Getting to know Dr. Sonya Ramsey.
Dr. Sonya Ramsey, an associate professor of history at the University of North Carolina at Charlotte, has been intrigued by the lives of Black women educators for much of her academic career.
Armed with oral history interviews, public records and reams of educational surveys and studies, Ramsey recently published Reading, Writing, and Segregation: A Century of Black Women Teachers in Nashville (University of Illinois Press).
The book, based on her dissertation research, begins in 1867 at the beginning of Nashville's segregated Black schools and ends in 1983, long after federal court-ordered public school desegregation.
"Looking at these teachers over such a long expanse of time reveals various changes in how Black women defined themselves as middle-class professionals and how they influenced and responded to social forces," Ramsey explains.
Her project was inspired by her work in 1993 as a UNC graduate student in the Behind the Veil Project, an oral history initiative to record the experiences of African-Americans who lived during the era of segregation. She was among the grad students who traveled through out the South conducting interviews.
With an undergraduate journalism degree from Howard University, Ramsey used her interviewing and reporting skills to learn the deepest truths about Black women educators; for example, that instead of being undertrained, as commonly portrayed, they tended to be better educated than many of their White counterparts. She also found that the teachers were not only respected, but often revered in their communities.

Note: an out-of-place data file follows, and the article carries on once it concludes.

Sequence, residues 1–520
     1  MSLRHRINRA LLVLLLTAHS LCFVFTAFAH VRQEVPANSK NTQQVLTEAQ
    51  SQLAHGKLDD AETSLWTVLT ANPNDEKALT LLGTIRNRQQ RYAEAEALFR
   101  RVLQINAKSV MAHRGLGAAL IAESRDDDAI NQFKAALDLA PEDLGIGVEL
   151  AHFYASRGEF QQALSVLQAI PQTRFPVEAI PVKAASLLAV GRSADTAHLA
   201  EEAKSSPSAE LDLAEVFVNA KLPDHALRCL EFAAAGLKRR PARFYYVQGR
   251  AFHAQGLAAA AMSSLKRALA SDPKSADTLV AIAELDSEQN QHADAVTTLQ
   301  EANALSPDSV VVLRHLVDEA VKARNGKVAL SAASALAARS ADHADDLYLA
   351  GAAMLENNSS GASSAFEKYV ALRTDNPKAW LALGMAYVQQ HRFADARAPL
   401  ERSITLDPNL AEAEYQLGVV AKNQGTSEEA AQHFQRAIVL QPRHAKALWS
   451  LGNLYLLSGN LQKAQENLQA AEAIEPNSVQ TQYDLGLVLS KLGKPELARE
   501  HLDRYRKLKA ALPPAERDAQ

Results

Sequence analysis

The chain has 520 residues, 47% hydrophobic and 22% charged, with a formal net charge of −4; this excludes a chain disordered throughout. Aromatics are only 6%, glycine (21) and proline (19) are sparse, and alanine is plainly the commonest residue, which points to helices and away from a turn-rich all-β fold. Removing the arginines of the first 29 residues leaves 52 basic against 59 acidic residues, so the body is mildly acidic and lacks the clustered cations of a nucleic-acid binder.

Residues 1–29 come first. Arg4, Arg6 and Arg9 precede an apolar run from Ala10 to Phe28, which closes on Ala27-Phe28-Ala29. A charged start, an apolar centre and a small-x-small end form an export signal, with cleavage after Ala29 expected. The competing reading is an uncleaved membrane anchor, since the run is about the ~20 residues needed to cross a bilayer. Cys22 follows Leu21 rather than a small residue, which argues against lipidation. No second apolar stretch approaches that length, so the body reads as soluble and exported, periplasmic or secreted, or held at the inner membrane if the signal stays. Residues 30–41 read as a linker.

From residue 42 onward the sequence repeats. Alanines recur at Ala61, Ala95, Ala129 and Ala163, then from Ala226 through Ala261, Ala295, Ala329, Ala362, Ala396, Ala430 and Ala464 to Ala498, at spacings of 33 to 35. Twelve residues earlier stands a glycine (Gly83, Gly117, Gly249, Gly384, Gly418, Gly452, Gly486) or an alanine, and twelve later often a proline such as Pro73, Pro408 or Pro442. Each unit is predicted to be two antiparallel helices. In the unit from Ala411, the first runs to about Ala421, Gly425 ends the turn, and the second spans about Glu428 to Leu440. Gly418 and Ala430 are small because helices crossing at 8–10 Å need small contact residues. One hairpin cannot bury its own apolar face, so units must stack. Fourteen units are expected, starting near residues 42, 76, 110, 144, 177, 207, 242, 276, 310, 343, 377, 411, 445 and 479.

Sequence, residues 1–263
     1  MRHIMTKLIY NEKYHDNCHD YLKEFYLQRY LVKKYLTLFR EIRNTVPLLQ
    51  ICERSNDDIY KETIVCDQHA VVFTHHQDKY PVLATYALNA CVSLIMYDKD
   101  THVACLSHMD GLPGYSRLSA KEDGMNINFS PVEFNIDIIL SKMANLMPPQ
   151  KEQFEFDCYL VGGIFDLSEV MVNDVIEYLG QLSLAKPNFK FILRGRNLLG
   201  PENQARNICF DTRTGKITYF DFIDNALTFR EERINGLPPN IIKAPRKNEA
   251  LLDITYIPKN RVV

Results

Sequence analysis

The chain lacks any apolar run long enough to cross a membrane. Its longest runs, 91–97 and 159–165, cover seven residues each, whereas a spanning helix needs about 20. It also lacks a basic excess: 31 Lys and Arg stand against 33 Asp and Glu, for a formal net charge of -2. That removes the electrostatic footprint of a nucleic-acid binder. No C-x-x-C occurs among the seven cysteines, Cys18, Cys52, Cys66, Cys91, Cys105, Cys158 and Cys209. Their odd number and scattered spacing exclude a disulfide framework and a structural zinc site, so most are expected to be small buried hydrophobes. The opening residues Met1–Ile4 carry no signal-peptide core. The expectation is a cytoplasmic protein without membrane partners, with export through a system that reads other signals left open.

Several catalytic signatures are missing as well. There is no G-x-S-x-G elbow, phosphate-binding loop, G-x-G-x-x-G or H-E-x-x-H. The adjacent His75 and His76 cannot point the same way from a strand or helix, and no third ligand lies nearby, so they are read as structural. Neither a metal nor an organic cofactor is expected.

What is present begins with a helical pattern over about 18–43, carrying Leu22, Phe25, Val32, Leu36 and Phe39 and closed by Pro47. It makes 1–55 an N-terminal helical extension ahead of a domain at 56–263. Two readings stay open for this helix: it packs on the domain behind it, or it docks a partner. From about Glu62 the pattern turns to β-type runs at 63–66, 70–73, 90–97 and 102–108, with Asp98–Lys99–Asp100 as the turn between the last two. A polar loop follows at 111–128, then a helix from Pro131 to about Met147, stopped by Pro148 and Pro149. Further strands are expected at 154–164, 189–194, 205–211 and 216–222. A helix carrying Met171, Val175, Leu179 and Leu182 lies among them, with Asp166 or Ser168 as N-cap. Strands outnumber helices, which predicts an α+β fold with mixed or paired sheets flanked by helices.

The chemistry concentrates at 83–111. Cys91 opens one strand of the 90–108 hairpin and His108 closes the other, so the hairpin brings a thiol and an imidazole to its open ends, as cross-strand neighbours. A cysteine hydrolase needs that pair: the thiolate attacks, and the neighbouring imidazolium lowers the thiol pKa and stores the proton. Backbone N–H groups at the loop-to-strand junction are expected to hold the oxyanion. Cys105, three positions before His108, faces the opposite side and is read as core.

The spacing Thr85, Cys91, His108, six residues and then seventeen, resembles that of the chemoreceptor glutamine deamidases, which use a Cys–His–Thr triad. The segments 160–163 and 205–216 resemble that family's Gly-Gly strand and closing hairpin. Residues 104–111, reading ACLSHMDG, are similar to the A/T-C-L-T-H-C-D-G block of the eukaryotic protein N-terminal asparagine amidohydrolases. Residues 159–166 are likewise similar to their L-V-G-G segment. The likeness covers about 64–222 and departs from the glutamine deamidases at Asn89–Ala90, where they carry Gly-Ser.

"They shaped the middle class," Ramsey says, noting that few other professions were open to college-educated Blacks.
"The community and parents supported them, followed their dictates ... it was not an antagonistic relationship." She says teachers instructed students not only in their subject areas, but in "how to sit, walk and interact with people. They had to teach from torn textbooks, memorize pages and even buy prom dresses. They were often double-taxed--having to pay state taxes and supplement their schools with their own money"
Interestingly, Ramsey notes that when civil rights organizations pushed for desegregation, they portrayed the schools--and the teachers--as substandard. Black teachers "took a hit with the Brown decision and lost jobs." As a result, she suggests that many teachers were estranged from the activists of the movement. "We have a romanticized notion of the movement" she says. "Not everybody participated"
However, Ramsey writes that despite some antipathy and fear of job loss, "their efforts to motivate, sustain and support students suggest deep engagement with the movement."
Ramsey also believes her research has relevance to today's African-American teachers. It helps to explain the decline in Black teachers since the 1970s, when more opportunities opened up in other professions. And just as the Black teachers of the past adjusted and improvised in order to educate their students, Ramsey believes today's teachers face similar challenges resulting not only from desegregation, but from "changing concepts of pedagogy ... and shifting social values."
|Printer friendly Cite/link Email Feedback|
|Publication:||Diverse Issues in Higher Education|
|Date:||Feb 7, 2008|
|Previous Article:||Moving in the right direction.|
|Next Article:||Banished from the Queen's English.|